Muzaffarabad in ruins
MUZAFFARABAD, Oct 10: This capital of Azad Kashmir of 0.2 million is no more a city of the living. It is almost a graveyard now. Bodies can be seen everywhere, on roads, streets and under the debris of devastated buildings. There are no medicines and food available and people fight over limited stocks.
People have to spend their nights under the open sky and some in their vehicles. There are no tents, no food and no drinking water. Thousands of people are still alive under the debris and fallen building structures.
“I am alive. Pull me out for God’s sake,” this reporter heard a man cry out from under the main branch building of the National Bank of Pakistan in central Muzaffarabad on Sunday night. But it is very difficult to lift the debris of a two-storey building without machines or equipment. You hear many such cries for help.
“I kept on shouting for help for about one hour. People were going here and there. They would see me and move away without any help,” said Fauzia, a 25-year-old university student who was buried under the rubble of her two-storey house. Finally her injured sister, Bushra, managed to persuade some relatives to pull Fauzia out.
Luckily, Fauzia did not receive any major injury. “I saw death so closely, it’s a new lease of life for me,” she says. I recited verses from the Holy Quran, whatever I could remember, in the belief that death was a few seconds away.
There is practically no government in Muzaffarabad at the moment. It’s complete chaos everywhere. Roads to and from the town are closed, except the one linking it with Islamabad through Abbottabad. People were walking on foot from the capital to Lohargali, about 10km towards Mansehra, to find safe places.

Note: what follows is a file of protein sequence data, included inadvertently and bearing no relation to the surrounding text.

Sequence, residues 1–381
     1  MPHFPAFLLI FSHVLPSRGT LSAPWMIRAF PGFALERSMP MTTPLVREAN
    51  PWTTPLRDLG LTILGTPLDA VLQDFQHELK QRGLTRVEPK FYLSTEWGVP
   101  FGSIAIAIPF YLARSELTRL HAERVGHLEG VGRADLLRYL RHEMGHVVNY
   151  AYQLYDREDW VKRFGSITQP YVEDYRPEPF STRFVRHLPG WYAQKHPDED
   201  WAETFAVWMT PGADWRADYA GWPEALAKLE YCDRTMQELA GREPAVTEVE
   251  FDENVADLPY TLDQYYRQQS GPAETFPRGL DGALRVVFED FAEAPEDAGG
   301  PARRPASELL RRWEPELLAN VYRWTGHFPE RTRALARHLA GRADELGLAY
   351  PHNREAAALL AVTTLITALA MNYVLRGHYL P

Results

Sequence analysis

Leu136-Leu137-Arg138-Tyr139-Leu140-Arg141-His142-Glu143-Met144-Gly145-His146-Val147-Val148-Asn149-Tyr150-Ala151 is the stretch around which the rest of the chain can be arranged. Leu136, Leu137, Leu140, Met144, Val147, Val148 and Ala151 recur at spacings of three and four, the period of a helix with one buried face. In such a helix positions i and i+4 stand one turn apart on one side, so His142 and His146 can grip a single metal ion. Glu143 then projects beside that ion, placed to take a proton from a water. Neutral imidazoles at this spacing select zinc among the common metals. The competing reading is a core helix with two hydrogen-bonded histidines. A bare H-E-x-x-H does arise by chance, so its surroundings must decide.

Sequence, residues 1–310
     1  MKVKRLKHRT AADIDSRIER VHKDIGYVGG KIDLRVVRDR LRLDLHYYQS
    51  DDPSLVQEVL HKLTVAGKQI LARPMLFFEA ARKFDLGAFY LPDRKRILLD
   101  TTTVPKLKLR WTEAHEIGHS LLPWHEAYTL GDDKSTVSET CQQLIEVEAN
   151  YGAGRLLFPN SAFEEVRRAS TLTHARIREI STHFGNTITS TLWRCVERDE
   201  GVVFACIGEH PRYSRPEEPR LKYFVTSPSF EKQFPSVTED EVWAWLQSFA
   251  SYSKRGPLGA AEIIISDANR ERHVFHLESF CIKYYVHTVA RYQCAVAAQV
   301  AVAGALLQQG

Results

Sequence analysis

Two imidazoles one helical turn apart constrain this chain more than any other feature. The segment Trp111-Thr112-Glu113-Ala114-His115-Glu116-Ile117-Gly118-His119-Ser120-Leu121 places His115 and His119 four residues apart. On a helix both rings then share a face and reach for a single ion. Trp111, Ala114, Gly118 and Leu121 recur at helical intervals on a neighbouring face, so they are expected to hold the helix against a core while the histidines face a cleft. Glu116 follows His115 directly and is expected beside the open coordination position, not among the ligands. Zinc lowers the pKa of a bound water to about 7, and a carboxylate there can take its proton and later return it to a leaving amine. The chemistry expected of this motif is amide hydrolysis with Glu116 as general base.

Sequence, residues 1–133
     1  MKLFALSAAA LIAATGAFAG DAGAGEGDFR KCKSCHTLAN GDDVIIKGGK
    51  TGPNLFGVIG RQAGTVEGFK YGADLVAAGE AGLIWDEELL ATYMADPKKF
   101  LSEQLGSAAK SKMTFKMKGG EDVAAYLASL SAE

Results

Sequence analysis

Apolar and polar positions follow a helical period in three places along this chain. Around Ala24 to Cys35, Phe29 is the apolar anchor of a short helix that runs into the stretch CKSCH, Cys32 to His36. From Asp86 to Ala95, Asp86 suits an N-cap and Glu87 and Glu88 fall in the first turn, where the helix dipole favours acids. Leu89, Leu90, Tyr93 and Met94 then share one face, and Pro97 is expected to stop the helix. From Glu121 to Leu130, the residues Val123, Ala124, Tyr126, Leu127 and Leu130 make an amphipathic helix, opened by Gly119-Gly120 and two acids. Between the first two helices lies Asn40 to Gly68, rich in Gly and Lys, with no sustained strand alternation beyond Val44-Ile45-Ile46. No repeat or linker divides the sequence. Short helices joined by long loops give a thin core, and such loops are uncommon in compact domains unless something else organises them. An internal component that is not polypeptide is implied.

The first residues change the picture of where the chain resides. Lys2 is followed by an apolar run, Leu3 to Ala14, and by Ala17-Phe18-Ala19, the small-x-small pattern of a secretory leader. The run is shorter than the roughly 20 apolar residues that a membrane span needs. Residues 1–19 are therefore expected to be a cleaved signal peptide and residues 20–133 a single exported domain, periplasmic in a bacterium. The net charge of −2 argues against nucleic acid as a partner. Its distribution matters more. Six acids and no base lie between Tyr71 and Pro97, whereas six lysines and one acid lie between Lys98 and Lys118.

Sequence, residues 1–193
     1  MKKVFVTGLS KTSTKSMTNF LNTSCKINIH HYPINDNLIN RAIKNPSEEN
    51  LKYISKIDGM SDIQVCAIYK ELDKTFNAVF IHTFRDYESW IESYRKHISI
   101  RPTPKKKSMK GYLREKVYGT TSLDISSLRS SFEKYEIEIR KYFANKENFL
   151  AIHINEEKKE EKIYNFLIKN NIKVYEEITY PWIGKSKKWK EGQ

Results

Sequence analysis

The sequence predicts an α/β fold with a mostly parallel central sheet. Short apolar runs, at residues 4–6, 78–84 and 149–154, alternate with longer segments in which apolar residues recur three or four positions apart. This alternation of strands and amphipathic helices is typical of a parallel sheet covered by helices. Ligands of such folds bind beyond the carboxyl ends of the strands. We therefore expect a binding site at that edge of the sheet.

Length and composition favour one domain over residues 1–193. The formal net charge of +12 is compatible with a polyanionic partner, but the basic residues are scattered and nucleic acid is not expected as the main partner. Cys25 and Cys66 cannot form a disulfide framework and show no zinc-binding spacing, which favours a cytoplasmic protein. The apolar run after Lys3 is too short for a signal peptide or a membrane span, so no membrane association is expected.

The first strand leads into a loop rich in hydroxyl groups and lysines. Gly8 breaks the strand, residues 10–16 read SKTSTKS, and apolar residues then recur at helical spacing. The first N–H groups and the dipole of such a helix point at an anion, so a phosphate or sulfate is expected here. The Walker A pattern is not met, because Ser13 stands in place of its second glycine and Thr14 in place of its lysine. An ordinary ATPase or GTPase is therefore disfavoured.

There was no electricity supply till Sunday. Some telephone lines are now working, but sporadically. Those with their own vehicles were moving out of the capital through the Abbotabad road but otherwise fuel was not available. Some people helped themselves to take petrol and diesel from petrol pumps to leave the city on Sunday night.
Military helicopters are mostly bringing back their own injured and dead colleagues and a limited number of civilians. Almost all the military personnel stationed at Muzaffarabad’s Shaukat Lane have either died or been seriously injured.
Muzaffarabad’s Combined Military Hospital (CMH) is no longer there. Many doctors and nurses along with tens of patients are believed to have been killed when the building collapsed. Eyewitnesses said no one could be evacuated from the children’s and gynaecology wards of the CMH.
The whole Old Campus of the Azad Kashmir University has been flattened. Many students, teachers and other staff of three departments, botany, geology and computer science, were killed. A fire was said to have erupted there immediately after the earthquake.
About 600 children were in the Rizwan Public School when its building collapsed. About 124 children were reported to have been rescued by their relatives. Similarly, witnesses said they saw hundreds of dead schoolgirls in the Islamabad School and College in Muzaffarabad and the Soheli Sarkar Girls Higher Secondary School and Girls High School, Narrol.
Saima, a university student, said her cousin Asma died in front of her eyes along with dozens of other girls in the girls’ hostel of the AJK University as she ran out and later identified her dead body.